Jim Hawkins'
Radio Adventures and Stories Page

A compilation of interesting radio adventures, trips or experiences
people have sent to me.


CONTENTS


Small print: The rights to the text herein, remain with the authors of the text. Permission must be obtained from the authors of the respective text before republishing it. Otherwise, any copying and reprinting for the purpose of pubishing of any kind is prohibited. The authors of the text retain the right to have it removed from this site at anytime.

James Hawkins

Pete Tauriello of Shadow Traffic

I am the morning drive traffic reporter for 1010 WINS (13 years) and Z100. I began as a disc jockey and later became a program director, music director..now program director for Shadow Traffic/New York (actually Rutherford, NJ.) I was never happy just to be behind the microphone and while my expertise is in radio programming, I also have a great love for the tech side of the profession. I am happy to say that back in my high school days I made it a point to visit many of the wonderful transmitter sites you featured in your vintage New York Transmitter page. I knew Bill Reid, the transmitter supervisor at WMCA, which was the first site I ever visited. It was Reid who taught me about audio processing, basic transmitter operation and directional antenna systems. I remember the 3 RCA transmitters that were there back then...A big beautiful 5DX, a BTA 5H and a BTA 5U....Today, only the 5 U is still there, but never used. They use a Nautel main and a Collins/Rockwell as a back up. They now diplex with WNYC, using the same three 315 foot towers.

I also work weekends for WEVD..and I am quite familiar with the WEVD/WHN/WMGM site in East Rutherford. Today at WEVD we use a Continental 317-c-2 50 KW, which feeds three 500' towers. We use one of the old Continental 50 KW rigs from the WHN days as a backup and I think the 10 KW rig is shot. Shortly before WEVD took over 1050, WFAN had our site using an RCA Ampliphase transmitter inhereted from WHN. Sadly, an engineer was electrocuted one night working alone at the transmitter after having defeated a safety interlock.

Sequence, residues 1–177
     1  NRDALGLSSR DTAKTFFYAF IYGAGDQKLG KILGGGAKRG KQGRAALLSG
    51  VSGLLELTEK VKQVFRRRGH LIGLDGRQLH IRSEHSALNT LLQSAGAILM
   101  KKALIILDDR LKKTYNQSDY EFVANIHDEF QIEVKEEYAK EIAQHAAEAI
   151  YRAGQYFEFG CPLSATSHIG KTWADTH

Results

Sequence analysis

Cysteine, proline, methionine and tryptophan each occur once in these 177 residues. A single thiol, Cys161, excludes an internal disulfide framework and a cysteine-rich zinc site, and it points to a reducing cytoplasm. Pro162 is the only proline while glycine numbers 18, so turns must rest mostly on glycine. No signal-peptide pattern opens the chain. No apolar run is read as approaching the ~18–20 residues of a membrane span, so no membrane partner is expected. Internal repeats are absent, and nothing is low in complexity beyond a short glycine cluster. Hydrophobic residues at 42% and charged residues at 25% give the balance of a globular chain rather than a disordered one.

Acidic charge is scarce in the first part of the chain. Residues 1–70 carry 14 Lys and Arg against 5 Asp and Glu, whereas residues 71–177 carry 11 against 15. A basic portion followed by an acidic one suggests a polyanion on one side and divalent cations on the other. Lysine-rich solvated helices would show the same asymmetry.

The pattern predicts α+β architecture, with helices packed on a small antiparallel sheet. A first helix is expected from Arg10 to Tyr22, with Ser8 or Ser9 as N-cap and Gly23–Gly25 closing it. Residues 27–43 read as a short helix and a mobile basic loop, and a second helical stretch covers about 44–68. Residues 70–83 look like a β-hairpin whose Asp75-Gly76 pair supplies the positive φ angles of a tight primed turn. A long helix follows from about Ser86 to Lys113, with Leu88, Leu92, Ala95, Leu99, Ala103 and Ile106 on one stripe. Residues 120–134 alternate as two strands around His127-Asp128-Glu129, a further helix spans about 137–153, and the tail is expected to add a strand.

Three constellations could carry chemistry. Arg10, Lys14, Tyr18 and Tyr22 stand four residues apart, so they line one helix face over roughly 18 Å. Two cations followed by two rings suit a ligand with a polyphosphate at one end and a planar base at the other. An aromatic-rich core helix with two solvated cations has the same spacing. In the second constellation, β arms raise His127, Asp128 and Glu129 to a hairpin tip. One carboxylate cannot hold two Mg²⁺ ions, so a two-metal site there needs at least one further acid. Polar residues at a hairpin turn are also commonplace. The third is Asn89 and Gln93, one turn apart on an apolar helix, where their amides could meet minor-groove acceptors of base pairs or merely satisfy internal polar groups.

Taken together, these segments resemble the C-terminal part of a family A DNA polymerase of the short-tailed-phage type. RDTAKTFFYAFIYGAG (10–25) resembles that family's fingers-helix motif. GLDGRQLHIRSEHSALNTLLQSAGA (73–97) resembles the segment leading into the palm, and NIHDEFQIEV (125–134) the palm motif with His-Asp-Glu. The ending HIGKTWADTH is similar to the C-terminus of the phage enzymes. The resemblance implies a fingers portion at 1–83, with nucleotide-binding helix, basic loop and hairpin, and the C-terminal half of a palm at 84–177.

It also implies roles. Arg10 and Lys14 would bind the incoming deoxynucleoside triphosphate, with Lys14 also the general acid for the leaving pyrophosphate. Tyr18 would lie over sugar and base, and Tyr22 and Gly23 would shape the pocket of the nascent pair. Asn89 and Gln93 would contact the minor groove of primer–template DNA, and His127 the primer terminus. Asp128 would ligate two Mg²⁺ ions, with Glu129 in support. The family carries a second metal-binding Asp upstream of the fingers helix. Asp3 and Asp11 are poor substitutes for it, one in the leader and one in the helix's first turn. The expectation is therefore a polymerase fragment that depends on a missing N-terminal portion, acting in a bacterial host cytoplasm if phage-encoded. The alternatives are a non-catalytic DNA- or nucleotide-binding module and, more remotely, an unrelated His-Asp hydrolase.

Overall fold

I also remember the big Western Electric unit at WWRL which just went to 25Kw using a new Harris DX-25 with a 5KW Continental backup. A real treat was the old WOR Transmitter site in Carteret, NJ, which was one of the last sites to use the Big Western Electric 50 KW transmitters that the late Jack Poppele installed in 1935. When I was there, the Western was retired and the cooling pond out front was filled in, but it was lovingly maintained. My last visit to Carteret was to bid farewell to the site, the day before the wrecking ball claimed the site....INCLUDING the Western Electric Transmitter. That day I made my last visit, Mr. Poppele showed up and pulled a set of huge power triodes from the old Western Electric and took them home. It was a sad moment.

I loved your tour of WABC. I knew that it had the old GE rig, I always wanted to see it, but never did. Now, thanks to your page, I have.

By the way...When the WCBS/WNBC 500' tower on High Island was knocked down (it's still there laying in the weeds!) WABC let WNBC, not WCBS use its 10KW backup transmitter. WCBS used a loaner from WLIB which could hardly be heard, and flipped their programming to the FM side...as luck would have it..on the debut day of their new all news format. I also toured the old WNEW site...Monochrome photos do not do justice to those beautiful, Westinghouse Transmitters. They had blue glass as I recall and audio to die for. I also visited WJRZ (Country 97) and accidentally took the station off the air when I went through the wrong door going to the bathroom. Thank God, the engineer had a sense of humour.

Jim, thanks for a great trip down memory lane and such a great web site. I hope to see more in the future.